Finally, the player is allowed to adjust the dosage she is using to fight the bugs off via an in game menu. The hitch is that drugs which are particularly effective (calculated by examining the live bug pool) are more expensive than drugs to which most bugs are resistant. The intent is for the player to have to manage both the resistance profile of the bug population and the cost of buying effective drugs. It seems like a relatively elegant model, in my mind.
There is just the simple problem that the game is incredibly boring.
Let's break it down.
First, the game is highly abstract, so immediately upon starting the player is greeted with a little animated "battle field" upon which nothing is obviously controllable directly. I've recently added a small in game tutorial text which gives instructions, but I think the take home lesson is that players want to interact immediately. A surrogate for this is an engaging set of instructions, perhaps already embedded in the game's metaphor. But its better to let the player run to the right.
Next, the whole game model (beyond tower defense) is actually pretty complicated. Even though we are able to explain it clearly in a few paragraphs, the game itself is remarkably uncommunicative about how things work. For instance, how are we to know that there is even an economic model at work for drug prices? The in game tutorial tells you that, but how does the game show it? How are we to know that the bugs are reproducing (besides a little message saying so?). Part of this could be remediated by the inclusion of more visual indicators of game state. A persistant measure of the average bug immunity in the corner of the screen would probably help, along with a representation of the "survived bug breeding pool" where offscreen bugs milled around more and more excitedly before reproducing, perhaps one by one.
But this would be polishing on an essential flaw in the game design, which is that the model is out of temporal sync with the game. Tower Defense is a coffee break game. You play for ten minutes at a time, and I don't think most people devote much attention to it. It is just barely a game, in a way - you set up your little defenses and then sit back and watch. Evolution is an incredibly slow process, even in the abbreviated and form that its presented in Biological Tower Defense. I'd imagine that it would take upwards of 20 minutes for interesting variability to develop in the bug population. It's hard to imagine someone with the patience to play a game with so few rewards and so simple a system for so long.
DF is paced for long play, and so the model of evolution, which is based roughly on Mendellian discrete gene inheritance, fits naturally into the gameplay. If you want to build muscular guard dogs, you set some dwarfs1 to the task of killing all but the strongest dogs each generation2, and then go about your other business. In 20 minutes, which might be 10 dog generations later, you've got only big dogs.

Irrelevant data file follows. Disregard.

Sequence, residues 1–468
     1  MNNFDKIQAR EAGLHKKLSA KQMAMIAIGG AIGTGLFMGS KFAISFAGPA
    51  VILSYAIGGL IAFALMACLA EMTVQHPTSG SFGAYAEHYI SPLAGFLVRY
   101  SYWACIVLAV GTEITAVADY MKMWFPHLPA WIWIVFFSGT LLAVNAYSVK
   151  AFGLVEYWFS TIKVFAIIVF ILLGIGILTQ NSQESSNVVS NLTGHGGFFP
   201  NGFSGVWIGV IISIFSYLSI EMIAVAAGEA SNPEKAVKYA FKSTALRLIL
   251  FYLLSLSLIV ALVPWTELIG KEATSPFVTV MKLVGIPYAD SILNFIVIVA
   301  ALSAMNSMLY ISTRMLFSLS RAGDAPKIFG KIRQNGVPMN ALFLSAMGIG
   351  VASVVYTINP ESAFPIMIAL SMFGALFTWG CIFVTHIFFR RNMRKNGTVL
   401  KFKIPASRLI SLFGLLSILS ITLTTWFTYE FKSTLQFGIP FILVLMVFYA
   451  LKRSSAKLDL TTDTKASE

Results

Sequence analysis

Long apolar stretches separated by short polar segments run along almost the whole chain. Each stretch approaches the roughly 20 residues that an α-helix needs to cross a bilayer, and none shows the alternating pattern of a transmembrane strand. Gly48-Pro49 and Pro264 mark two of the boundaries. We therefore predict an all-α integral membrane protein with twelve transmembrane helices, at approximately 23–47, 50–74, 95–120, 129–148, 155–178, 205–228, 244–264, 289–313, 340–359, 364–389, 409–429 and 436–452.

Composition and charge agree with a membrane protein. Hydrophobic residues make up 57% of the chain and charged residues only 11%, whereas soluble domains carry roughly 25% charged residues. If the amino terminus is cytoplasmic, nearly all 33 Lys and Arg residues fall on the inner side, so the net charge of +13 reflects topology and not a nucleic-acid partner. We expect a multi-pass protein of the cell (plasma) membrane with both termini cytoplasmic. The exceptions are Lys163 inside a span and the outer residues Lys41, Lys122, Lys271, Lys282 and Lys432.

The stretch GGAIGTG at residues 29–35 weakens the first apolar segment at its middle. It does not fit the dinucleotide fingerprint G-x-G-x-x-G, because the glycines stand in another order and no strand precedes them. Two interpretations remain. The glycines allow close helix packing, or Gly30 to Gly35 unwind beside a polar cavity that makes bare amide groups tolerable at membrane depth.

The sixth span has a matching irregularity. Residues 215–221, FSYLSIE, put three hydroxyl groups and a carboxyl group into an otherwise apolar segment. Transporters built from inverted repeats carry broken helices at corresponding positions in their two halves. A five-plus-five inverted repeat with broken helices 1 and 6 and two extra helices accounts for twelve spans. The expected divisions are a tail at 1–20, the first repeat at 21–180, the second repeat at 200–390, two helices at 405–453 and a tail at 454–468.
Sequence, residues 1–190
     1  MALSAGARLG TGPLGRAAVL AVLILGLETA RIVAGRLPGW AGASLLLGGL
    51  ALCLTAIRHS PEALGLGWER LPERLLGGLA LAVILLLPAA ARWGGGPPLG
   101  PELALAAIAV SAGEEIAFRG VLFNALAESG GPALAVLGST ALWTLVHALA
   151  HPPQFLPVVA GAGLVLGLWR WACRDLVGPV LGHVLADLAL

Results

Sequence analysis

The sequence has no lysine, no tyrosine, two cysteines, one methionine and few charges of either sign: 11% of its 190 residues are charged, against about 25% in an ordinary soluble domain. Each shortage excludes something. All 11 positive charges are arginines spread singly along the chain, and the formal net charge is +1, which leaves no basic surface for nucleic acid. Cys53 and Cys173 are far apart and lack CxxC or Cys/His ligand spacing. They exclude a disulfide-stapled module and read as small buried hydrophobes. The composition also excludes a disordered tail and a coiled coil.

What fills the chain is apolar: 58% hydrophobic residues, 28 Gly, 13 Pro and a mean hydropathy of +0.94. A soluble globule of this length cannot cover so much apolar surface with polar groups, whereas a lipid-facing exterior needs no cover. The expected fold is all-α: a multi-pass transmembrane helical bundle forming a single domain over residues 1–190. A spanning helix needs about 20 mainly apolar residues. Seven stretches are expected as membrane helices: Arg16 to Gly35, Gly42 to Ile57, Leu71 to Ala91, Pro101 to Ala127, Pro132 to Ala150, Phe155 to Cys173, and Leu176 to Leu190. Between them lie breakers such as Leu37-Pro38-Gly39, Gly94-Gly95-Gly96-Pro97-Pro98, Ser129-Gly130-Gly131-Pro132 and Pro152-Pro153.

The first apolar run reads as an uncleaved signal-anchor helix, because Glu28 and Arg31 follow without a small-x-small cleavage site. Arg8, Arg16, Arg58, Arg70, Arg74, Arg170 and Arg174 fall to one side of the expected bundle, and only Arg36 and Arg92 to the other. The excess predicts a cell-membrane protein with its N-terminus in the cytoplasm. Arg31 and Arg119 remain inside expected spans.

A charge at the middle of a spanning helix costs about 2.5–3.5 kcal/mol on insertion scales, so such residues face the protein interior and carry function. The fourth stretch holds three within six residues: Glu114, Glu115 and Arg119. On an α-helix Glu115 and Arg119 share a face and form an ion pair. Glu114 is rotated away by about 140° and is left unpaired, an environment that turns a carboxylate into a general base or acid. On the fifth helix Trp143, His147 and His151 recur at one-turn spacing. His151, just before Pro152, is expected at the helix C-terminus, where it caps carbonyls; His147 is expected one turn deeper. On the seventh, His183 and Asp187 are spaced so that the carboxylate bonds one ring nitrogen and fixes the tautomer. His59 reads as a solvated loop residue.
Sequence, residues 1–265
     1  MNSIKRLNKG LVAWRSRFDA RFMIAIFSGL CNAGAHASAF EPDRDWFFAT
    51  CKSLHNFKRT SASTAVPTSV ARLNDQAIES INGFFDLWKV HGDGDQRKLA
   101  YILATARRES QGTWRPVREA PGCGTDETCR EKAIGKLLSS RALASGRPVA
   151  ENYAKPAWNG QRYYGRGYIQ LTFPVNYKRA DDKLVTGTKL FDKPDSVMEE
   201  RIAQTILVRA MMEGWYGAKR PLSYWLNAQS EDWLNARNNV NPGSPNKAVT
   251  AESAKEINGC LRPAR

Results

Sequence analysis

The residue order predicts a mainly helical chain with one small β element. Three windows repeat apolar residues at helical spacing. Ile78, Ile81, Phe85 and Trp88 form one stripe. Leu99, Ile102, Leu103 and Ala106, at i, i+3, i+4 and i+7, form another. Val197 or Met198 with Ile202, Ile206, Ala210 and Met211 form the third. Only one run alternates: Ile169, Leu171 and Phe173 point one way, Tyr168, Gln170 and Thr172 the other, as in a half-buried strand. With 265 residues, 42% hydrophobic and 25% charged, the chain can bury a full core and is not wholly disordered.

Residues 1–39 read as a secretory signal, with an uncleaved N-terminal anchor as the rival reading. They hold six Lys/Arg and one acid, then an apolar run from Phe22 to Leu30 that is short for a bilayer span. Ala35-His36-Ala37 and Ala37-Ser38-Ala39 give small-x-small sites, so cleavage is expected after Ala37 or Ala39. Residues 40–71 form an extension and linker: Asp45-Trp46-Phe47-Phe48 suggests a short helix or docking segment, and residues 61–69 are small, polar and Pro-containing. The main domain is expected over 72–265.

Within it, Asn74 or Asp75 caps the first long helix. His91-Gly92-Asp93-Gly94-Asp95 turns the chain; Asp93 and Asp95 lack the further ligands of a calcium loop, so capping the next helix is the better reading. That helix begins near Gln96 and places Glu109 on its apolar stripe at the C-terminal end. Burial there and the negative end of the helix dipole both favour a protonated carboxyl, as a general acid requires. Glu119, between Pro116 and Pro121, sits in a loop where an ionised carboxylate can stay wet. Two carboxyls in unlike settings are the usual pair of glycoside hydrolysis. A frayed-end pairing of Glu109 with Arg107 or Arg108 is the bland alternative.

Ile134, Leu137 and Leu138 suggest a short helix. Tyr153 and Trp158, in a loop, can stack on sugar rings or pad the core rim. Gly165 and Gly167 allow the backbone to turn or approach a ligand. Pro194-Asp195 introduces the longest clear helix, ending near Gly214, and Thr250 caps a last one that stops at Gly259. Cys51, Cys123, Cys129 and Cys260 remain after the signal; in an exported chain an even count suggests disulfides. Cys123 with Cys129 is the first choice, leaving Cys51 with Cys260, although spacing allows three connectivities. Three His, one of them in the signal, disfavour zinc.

There is obviously a lot else to learn about games and models, but I'd like to leave off with two simple ideas. The first is that the game has to provide an entertaining context for the model and the second is that one way to do that is to make sure the model is "paced" at around the same speed as the game. Otherwise, the player will struggle to even notice the model is there.-V
Wednesday, December 8, 2010
I was browsing the Math Reddit today when I came across Graph War, which you can think of as an extension of the classic "Gorillas" game. In Gorillas, you were restricted to tweaking the initial conditions of a differential equation describing gravity's (and wind's) effect on a banana. Graph Wars takes it to the obvious next levels, letting you specify any function, or specify paths via first and second order differential equations. This seems like a great game for a first Calculus or Differential Equations class, especially if you let the students play with computer assistance.
Monday, November 15, 2010
At SF Science Hack Day this past weekend, an ad hoc group of scientists, engineers, and other flavors of geek designed a game which we hope can be an engaging way to learn genetics.
We sought to design a game which simulates microevolution, and is hopefully infectiously fun enough that players are naturally compelled to understand the underlying genetic mechanisms in order to succeed. Our concept is called Fancy Pigeons:
Fancy Pigeons is a strategy game in which players must selectively breed a flock of pigeons to bypass a series of obstacles. The object of the game is to get as many pigeons as possible through the course, with points awarded for each offspring that clears a challenge. Because players can see the queue of upcoming obstacles, they can choose breeding pairs which will produce offspring with both short- and long-term fitness. Mendelian genetics is faithfully represented, and in order to succeed, the player must maintain genetic variability in the population through heterozygosity while optimizing for a specific phenotype.